• Upvotes are still not (necessarily) the same as expertise. Upvotes, even in a single tag, are partly a measure of quality but also a measure of time, and someone who is not a real expert but has consistently provided many "decent" answers could easily amass more upvotes than someone who is a real expert and has only provided a few answers (albeit amazing ones).

  • We'd still be telling new members that, essentially, their votes don't matter, and at our current stage new membership is extremely important.

  • If the weight of downvotes were increased, the idea takes on sinister overtones, allowing privileged users to game the system by burying other answers to questions they themselves have answered.

In addition, any proposed solution based on tags suffers from its own problems:

  • Tags aren't always reliable. Over time we've put a major dent in the awful [technique] tag, but haven't even gotten started on the equally awful [cooking-techniques] tag. A lot of people just don't use good tags, especially newbies, and right now our community isn't great about retags (that's OK - even Stack Overflow has its issues).

  • Tags can change, and can be changed by users with fairly low reputation for that matter. This is a good thing, it helps keep the site organized, but presents several difficult conundrums when you start introducing important privileges based on tags. Should people without "tag expertise" be allowed to retag, even if the tags were blatantly wrong? If "tag experts" have placed votes, and then that tag is removed, are the votes then recalculated? What if the retag happened months later and the damage has already been done (i.e. by biasing the other votes)?

I completely agree with the premise that we need to recognize subject-matter experts. I think one of the things our friend ignored is that we already do this with the interweaving of reputation and privileges; subject-matter experts have veto power on questions.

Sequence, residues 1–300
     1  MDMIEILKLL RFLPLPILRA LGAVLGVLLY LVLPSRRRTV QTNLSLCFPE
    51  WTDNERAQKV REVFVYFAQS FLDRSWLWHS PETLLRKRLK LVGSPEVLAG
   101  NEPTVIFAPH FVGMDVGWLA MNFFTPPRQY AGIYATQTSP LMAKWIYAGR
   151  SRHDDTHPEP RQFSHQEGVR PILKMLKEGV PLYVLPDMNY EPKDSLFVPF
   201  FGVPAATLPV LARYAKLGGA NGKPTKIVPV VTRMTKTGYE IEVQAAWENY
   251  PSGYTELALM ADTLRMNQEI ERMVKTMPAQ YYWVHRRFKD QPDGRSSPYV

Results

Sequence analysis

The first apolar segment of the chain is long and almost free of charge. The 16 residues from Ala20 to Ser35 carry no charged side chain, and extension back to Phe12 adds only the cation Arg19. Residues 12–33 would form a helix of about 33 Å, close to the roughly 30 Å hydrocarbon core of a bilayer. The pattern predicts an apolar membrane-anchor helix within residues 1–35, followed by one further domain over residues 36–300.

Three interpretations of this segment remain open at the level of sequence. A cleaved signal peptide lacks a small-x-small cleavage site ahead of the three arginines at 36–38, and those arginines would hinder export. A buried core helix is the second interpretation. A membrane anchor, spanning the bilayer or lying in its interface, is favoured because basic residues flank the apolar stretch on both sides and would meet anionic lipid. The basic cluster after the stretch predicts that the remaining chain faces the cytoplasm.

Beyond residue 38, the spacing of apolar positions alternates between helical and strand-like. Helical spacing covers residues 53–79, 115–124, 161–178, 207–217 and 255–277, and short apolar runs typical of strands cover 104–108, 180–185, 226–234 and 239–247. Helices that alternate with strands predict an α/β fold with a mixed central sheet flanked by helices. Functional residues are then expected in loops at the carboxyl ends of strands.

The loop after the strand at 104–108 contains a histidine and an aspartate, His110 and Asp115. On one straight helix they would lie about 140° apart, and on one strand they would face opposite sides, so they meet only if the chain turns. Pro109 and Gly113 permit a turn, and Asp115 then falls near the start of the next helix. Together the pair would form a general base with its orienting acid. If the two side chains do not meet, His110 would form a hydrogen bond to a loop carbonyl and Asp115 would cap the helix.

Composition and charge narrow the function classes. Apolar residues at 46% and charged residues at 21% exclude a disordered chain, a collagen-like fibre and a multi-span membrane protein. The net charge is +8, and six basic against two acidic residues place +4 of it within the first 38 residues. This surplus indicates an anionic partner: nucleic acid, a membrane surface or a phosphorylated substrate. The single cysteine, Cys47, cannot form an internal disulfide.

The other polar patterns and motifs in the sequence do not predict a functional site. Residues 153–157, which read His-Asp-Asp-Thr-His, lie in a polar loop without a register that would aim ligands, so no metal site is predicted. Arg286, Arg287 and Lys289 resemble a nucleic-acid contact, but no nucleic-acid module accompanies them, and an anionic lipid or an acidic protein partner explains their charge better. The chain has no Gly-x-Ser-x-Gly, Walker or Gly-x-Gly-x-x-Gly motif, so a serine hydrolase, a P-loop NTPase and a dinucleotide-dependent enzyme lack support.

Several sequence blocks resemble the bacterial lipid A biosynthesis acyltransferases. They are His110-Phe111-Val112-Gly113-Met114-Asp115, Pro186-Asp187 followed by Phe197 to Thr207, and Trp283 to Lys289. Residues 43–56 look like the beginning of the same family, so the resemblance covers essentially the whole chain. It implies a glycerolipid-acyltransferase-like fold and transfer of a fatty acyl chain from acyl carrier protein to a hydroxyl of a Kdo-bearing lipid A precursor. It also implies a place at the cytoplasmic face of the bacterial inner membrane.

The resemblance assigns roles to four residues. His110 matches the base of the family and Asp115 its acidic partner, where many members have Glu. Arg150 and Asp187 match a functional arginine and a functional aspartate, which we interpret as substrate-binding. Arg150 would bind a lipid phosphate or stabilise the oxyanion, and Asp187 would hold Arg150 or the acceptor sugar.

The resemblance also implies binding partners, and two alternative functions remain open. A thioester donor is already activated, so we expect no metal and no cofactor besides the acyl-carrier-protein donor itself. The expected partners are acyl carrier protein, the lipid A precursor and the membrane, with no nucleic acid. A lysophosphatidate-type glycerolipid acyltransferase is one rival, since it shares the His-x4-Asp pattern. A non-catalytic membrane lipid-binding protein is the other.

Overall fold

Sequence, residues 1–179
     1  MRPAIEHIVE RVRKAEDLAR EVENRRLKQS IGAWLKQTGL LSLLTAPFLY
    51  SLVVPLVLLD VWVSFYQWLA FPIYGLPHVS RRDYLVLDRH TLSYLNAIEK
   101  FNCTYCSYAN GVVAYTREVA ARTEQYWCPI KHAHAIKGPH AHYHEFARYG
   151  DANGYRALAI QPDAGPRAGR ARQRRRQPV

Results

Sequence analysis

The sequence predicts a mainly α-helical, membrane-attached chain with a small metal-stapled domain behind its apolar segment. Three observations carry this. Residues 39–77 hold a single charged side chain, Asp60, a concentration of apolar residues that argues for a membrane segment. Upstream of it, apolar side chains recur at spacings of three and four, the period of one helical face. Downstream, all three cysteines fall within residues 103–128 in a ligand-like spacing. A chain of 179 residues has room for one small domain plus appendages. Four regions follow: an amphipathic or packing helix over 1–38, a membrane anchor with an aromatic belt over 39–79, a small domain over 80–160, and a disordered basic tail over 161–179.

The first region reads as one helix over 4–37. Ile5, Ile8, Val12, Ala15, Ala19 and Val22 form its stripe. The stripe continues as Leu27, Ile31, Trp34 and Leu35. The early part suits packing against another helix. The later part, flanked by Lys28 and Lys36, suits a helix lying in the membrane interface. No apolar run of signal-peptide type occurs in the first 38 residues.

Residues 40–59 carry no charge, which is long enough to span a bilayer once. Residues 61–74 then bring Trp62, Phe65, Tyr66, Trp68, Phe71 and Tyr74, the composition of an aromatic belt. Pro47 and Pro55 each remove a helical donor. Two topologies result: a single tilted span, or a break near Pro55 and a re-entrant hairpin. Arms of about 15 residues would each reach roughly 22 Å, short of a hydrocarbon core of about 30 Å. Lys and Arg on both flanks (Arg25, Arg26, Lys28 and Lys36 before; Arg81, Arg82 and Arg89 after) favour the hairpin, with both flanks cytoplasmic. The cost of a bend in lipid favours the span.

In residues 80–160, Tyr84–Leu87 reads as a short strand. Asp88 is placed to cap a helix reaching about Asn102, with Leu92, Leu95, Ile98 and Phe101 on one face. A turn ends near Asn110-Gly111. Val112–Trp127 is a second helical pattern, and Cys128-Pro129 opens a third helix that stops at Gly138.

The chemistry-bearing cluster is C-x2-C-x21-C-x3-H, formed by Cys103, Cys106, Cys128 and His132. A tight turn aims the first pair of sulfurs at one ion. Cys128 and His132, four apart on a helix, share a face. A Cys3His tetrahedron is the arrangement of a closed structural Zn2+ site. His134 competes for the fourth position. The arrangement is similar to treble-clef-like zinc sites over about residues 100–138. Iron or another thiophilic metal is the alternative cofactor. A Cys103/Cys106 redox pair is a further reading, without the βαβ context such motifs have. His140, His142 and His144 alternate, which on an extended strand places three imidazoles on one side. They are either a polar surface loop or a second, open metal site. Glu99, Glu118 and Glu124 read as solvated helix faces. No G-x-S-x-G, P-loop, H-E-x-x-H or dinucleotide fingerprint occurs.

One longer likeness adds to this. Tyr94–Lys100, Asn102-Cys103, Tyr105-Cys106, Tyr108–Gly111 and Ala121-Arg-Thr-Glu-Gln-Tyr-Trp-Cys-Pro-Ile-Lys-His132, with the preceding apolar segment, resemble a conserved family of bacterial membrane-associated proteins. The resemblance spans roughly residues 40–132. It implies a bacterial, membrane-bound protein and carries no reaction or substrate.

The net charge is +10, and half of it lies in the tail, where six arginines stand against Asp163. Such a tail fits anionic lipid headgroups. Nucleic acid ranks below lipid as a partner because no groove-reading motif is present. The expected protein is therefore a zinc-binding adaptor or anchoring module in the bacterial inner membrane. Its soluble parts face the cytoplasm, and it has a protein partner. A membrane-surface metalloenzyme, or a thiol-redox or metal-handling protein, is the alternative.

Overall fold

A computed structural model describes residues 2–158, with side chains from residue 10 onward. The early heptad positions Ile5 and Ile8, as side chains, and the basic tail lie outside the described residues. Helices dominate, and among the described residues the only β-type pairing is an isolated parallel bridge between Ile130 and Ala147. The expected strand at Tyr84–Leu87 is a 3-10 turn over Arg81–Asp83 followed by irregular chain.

Perhaps that's not enough. Perhaps we need some form of veto power on answers as well. It's tricky, though, because we don't close questions merely because they're bad - they have to be a particular kind of bad, and most of those criteria don't apply to answers. So such a feature would have to be thought out rather carefully to make it meaningful and prevent abuse.

I'm open to discussing better ways to retain experts - and in fact I think the Stack Overflow team is already discussing this issue internally and at length - but unfortunately, I don't think this is a good way. It's just fraught with problems, several of which could undermine the very factors that make these sites so appealing in the first place.


Anyway. I am sure Darin has his reasons for departing. We don't know if it's temporary or permanent. My guess is that, as our site passed the "peak of inflated expectations" in the Hype cycle, new questions started to dwindle and he wasn't seeing that many new and interesting ones. This too shall pass, it's part of the life cycle of every new site or product. In any case, I'm quite certain that the community recognized the value of his contributions as evidenced by his average of 5 upvotes per answer.

I also want to mention that just because it appeared on somebody's blog does not mean that the "evaporative cooling effect" is actually a real or interesting phenomenon. There is turnover in every community, and many communities are occasionally graced with the likes of subject-matter celebrities just as many restaurants are occasionally graced with the likes of Hollywood celebrities; that does not necessarily make them a "hot spot" for such or prove that they are any more successful than other communities.

The biggest problem with that post is that the author, by defining success on his own terms, has rigged the debate. It's choice-supportive bias and we have it too. Insular communities that over-emphasize expert/celebrity status do have higher immunity to the brain drain, but they also have far less immunity to groupthink and general decay. I have been a member of a few communities now that were great with member retention, never really suffered from trolling or low-quality members, but eventually just died of "old age" - people got bored and that was that.

What's ironic is that no matter how open your system is, people will still complain that it over-rewards the elite. Capitalism, supposedly, rewards the big corporations and the super-rich. But if that were true, then why does it work any better than feudalism? It's because anybody can compete. They can start from nothing at all, and if they're good enough, work their way up to the top.